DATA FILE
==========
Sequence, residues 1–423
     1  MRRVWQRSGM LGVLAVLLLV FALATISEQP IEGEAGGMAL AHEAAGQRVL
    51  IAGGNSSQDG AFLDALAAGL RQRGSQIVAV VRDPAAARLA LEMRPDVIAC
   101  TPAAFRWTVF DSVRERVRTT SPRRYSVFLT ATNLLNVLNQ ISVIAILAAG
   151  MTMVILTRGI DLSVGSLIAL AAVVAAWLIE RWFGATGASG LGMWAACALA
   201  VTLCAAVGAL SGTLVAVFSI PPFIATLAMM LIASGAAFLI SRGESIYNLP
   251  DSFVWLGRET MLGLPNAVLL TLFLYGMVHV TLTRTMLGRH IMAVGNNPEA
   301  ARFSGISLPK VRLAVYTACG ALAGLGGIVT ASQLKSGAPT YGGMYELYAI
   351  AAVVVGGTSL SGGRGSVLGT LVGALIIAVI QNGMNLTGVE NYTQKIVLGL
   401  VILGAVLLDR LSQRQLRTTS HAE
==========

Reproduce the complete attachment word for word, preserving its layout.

Sequence, residues 1–423
     1  MRRVWQRSGM LGVLAVLLLV FALATISEQP IEGEAGGMAL AHEAAGQRVL
    51  IAGGNSSQDG AFLDALAAGL RQRGSQIVAV VRDPAAARLA LEMRPDVIAC
   101  TPAAFRWTVF DSVRERVRTT SPRRYSVFLT ATNLLNVLNQ ISVIAILAAG
   151  MTMVILTRGI DLSVGSLIAL AAVVAAWLIE RWFGATGASG LGMWAACALA
   201  VTLCAAVGAL SGTLVAVFSI PPFIATLAMM LIASGAAFLI SRGESIYNLP
   251  DSFVWLGRET MLGLPNAVLL TLFLYGMVHV TLTRTMLGRH IMAVGNNPEA
   301  ARFSGISLPK VRLAVYTACG ALAGLGGIVT ASQLKSGAPT YGGMYELYAI
   351  AAVVVGGTSL SGGRGSVLGT LVGALIIAVI QNGMNLTGVE NYTQKIVLGL
   401  VILGAVLLDR LSQRQLRTTS HAE